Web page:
HDL3: Decrease or no change

    Total LDL cholesterol: Irrelevant**
    LDL1 (pattern A): Increase
    LDL2 (pattern A): Increase
    LDL3 (pattern B): Decrease
    LDL4 (pattern B): Decrease

    IDL: Decrease
    VLDL3: Decrease
    Triglycerides: Decrease
    Lp(a): Decrease
    Apo-b: decrease

    If you ask your doctor for a VAP so you can accurately track the effect of his dietary prescriptions and he/she dismisses/refuses…find a new doctor. If you find a doctor that actually recommends a VAP from the start, you have just found a doctor that will not be asking you to go on a high carb/low fat diet, and you are probably in good hands.

    **Unless you still believe “The Lipid Hypothesis” of high cholesterol causing heart disease, and if you do, fear not…just take a few minutes and relieve yourself of that archaic burden–> http://www.cholesterol-and-health.com/Does-Cholesterol-Cause-Heart-Disease-Myth.html

    And as for #2…

    Fats are not “broken up” within our cells by raspberry ketones. But let’s say that they were, for fun. Fats flux into our fat cells with the help of insulin and Lipoprotein Lipase (LPL). Raspberry Ketones can stimulate Hormone Sensitive Lipase (HSL) which can break down stored triglycerides inside the fat cell into free fatty acids (FFAs) and glycerol. These FFAs could theoretically then be released from the fat cell, transported through circulation, and delivered to the mitochondria of muscle cells where beta-oxidation occurs, or “fat burning”. Which would be great. However, these FFAs could also be re-esterified, which means they are taken right back up by the fat cell to be “re-stored”…and it turns out the overweight body is actually very efficient at this unless instructed otherwise.

    That brings us to the quote “it contains the hormone adiponectin that boosts metabolism”. For anyone familiar with basic biology, it is not only implausible that a fruit contains a unique human adipocytokine manufactured by our fat cells in response to specific hormonal signaling, but it is actually so outlandish to make this claim that I have to question whether Dr. Oz actually said this or if it was a misinterpretation of the columnist summarizing his points. I’m hoping the latter, as I really don’t want Dr. Oz to make it this easy.

    What he and or the columnist may have meant to imply is that raspberry ketones can increase the secretion and expression of adiponectin, which can be verified by at least one study:
    PMID: 20425690. However this was in mice, and while an increase in adiponectin generally appears to be a good thing…a recent study in females linked this hormone’s elevation to alzheimers disease…in humans. Studies implicating negative effects from adiponectin elevation need to be replicated, but this does tell us the jury may still be out on the specifics of WHY adiponectin elevates. Adipocytokines are tricky, most of them are bad news and are pumped into circulation in response to cellular dysfunction…but even the theoretically “protective” ones can have paridoxical effects, another obvious one being leptin. We must also consider receptor/cellular resistance to adipocytokines, it could be that certain “unhealthy” increases in release of adiponectin may bombard the cells in such a way that they become adiponectin resistant.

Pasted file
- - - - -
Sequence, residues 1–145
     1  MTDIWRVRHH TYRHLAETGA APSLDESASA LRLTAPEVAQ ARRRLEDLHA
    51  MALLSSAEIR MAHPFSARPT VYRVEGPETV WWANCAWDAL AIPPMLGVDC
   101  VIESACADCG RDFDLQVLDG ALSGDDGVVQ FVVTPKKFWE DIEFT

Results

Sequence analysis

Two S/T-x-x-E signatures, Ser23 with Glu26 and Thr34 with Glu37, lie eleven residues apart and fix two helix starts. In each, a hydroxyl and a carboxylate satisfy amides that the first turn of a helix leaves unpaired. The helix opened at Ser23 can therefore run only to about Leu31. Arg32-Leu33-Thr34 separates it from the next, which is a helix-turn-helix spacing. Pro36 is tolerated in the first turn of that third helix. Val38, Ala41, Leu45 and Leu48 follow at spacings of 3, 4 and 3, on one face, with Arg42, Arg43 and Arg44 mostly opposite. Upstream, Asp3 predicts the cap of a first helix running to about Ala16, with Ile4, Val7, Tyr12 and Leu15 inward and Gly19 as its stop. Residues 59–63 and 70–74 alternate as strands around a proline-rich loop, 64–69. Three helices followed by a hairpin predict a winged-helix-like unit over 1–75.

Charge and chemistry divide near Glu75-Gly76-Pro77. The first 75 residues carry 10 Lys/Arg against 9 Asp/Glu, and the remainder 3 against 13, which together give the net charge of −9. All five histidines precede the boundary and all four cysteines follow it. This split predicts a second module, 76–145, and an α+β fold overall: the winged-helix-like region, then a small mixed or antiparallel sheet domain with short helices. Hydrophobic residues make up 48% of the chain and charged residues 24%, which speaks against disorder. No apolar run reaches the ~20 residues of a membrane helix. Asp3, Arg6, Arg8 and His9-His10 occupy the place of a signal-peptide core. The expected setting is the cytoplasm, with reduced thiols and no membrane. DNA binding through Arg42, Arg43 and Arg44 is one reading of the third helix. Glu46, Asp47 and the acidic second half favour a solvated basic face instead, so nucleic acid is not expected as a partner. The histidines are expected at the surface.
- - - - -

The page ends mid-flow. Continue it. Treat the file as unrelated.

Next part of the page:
Ok, somebody else take over. This post has been viewed about 50x more than a bunch of other posts that have a ton of responses, so stop being shy and dive in. Unless the extra few thousand viewers are all Dr Oz’s lawyers who are patiently waiting and gathering enough data to sue my balls off.

  2. arthur says:

    dr oz doesnt no whate he is talking about weight loss

  3. Anonymous says:

    what people forget about Dr Oz is he is a surgeon, (maybe was even), hes specialty is cutting and stitching, now turned into a media celebrity, he has endorsed everything and anything, I seldom see him recommending against a product,

    • Your point about Dr Oz is probably valid Anounymous. However it’s worth mentioning many top supplement companies and researchers have praised Raspberry Ketones for well over a decade. RK are in vouge right now but they aren’t new to those of us involved involved in health and fitness.

  4. Reblogged this on thejessewilliams and commented:
    Sorry for the typos, replying on a tiny iPhone while doing cardio is not optimal.